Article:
Why we pursue more and more without it bringing us any closer to real happiness
Dopamine is part of the wanting system [in your brain]. It propels you to take action. The liking system makes you feel satisfied and therefore pause your seeking. But the dopamine wanting system is stronger than the liking system. You tend to seek more than you are satisfied.
~ Susan Weinschenk, Ph.D
When it comes to happiness, we’re all a little lost.
Most of us set goals and then tirelessly chase after them, hoping that once they’re attained, we will achieve some kind of lasting happiness. Or, at least, some measure of peace.
Of course, both our experience and intuition tell us this will never be the case. Not long after we get whatever we’ve been wanting, the pleasure fades, and we’re back to restlessly thinking about the next thing we want.
It turns out that the neurotransmitter dopamine provides an answer. Dopamine is involved in all kinds of activities to do with the human brain, but what’s relevant here is that it causes us to feel the pleasure of wanting more.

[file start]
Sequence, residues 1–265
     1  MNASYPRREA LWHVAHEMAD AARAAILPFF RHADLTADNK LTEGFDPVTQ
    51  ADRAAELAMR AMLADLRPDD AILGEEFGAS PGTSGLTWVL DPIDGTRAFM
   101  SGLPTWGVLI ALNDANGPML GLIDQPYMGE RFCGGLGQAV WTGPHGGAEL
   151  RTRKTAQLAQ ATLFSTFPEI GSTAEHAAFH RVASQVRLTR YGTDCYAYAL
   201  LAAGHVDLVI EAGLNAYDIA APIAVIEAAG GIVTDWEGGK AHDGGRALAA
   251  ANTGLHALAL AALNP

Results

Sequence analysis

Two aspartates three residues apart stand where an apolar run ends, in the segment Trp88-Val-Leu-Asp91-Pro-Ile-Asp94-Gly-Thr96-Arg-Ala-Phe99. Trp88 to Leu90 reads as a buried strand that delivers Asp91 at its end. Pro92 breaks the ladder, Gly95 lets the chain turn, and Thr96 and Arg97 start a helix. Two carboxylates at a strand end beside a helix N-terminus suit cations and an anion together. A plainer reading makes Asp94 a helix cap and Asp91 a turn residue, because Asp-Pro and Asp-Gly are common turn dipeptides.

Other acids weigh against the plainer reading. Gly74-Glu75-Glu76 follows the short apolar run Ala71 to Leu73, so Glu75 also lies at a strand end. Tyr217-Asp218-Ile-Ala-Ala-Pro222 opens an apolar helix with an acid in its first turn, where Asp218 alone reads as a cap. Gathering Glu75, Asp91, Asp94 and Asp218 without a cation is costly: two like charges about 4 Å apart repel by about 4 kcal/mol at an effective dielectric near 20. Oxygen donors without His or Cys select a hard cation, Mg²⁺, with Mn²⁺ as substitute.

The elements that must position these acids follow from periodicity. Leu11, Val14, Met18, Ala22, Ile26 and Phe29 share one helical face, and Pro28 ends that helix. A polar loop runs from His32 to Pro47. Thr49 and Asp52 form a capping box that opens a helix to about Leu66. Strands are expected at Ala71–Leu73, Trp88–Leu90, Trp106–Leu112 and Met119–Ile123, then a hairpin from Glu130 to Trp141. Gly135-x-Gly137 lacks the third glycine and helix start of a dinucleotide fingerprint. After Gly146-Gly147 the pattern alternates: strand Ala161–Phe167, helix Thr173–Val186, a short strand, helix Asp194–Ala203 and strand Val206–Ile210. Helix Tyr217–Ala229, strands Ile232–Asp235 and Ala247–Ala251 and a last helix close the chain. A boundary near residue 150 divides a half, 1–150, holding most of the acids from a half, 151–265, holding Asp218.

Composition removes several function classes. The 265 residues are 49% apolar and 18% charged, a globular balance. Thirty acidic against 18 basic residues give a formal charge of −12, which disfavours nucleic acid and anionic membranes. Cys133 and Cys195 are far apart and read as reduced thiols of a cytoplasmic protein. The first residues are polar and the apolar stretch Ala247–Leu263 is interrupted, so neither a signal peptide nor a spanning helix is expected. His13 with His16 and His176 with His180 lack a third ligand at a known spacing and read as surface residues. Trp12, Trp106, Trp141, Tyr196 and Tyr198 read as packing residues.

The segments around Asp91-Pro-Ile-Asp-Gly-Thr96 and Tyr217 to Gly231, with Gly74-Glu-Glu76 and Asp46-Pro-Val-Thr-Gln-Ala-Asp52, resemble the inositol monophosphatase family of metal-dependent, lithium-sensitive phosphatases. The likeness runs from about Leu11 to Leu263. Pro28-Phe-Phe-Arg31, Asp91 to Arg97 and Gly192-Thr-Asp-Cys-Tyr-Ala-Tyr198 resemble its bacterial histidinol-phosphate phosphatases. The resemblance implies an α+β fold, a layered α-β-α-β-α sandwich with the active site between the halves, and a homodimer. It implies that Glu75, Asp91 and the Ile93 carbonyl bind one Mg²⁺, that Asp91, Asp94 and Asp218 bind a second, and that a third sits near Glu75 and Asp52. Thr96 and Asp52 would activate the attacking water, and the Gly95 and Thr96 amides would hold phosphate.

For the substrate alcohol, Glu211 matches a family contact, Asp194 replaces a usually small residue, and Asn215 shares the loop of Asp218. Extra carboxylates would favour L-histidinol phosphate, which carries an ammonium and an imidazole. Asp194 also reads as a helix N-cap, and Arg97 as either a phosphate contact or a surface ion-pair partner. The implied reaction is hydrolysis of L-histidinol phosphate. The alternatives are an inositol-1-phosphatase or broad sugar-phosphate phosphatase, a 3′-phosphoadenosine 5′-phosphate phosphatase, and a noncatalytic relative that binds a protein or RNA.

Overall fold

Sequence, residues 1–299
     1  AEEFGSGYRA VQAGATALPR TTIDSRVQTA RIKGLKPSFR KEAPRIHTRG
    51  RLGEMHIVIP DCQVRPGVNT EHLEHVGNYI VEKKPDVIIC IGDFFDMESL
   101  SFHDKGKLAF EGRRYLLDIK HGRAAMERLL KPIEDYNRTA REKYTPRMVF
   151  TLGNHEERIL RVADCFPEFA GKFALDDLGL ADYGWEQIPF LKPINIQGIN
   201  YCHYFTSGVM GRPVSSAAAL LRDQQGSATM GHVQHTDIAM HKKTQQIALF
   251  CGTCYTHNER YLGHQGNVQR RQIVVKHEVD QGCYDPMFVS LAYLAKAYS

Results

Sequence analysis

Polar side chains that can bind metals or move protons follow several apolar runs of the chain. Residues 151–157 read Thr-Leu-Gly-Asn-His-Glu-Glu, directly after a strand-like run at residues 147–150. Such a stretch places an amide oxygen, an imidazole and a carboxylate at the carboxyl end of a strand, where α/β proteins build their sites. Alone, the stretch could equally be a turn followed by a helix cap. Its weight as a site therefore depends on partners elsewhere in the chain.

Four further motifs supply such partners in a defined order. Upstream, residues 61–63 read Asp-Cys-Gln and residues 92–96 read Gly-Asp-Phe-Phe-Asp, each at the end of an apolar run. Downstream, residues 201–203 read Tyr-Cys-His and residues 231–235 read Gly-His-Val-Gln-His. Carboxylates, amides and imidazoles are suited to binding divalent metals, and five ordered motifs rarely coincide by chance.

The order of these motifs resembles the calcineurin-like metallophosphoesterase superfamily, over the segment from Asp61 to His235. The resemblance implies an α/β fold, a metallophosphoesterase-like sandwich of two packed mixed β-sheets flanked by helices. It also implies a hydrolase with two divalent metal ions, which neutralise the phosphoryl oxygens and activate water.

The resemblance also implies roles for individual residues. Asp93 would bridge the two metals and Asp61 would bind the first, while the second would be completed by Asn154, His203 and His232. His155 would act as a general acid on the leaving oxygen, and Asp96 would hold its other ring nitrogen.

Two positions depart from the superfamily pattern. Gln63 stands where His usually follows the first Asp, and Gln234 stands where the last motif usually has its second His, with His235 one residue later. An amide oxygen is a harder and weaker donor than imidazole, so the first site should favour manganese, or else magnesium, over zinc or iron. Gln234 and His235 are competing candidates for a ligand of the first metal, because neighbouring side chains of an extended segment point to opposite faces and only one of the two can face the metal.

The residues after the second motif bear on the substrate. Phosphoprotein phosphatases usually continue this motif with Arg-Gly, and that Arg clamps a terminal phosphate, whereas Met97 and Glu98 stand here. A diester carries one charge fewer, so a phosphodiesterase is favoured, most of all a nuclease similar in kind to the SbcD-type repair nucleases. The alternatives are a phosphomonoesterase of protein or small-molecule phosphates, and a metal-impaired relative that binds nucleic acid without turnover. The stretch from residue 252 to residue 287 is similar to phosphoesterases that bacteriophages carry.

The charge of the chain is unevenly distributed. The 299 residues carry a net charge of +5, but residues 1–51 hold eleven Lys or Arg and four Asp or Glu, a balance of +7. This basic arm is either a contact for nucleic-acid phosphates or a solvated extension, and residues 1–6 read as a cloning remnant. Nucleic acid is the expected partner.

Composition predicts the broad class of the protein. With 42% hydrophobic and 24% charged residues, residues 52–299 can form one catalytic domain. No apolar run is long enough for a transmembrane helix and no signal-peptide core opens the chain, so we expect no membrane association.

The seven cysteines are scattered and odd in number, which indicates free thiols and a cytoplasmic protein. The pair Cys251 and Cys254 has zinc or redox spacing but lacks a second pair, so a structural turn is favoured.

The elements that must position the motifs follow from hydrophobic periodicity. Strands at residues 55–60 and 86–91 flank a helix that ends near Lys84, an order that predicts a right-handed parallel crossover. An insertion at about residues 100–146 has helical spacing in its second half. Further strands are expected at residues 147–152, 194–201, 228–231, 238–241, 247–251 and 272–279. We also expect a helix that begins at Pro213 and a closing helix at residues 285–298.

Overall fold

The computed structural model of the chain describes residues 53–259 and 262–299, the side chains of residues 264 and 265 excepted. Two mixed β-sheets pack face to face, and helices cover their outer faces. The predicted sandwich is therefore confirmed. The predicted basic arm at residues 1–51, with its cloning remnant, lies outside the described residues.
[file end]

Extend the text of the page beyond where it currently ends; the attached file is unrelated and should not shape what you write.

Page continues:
Once our brain has established that attaining something is rewarding, it encodes this information for later use. Dopamine then provides the motivation to seek out that reward when it becomes available (see here and here).
In other words, we feel good when we’re seeking a reward, not just when we attain it.
Well, no, not really. If there is value in attaining something, it makes sense that the brain would encourage us to attain it. Dopamine gives us the motivation to do the work to attain it by making it feel good to want it. Thus, the pleasure of wanting is born.
What may surprise you is that research has shown the pleasure of wanting to be greater than the pleasure of having.
That dream home you want? You’re probably getting more pleasure from thinking about getting it than you will from actually having it.
Same goes for that promotion, that relationship, that next technological toy you have your eye on.
No matter how strongly you look forward to receiving these things, once you do receive them, you feel much less pleasure than you thought you would feel. Or, if you’re like me, you may even feel pretty empty.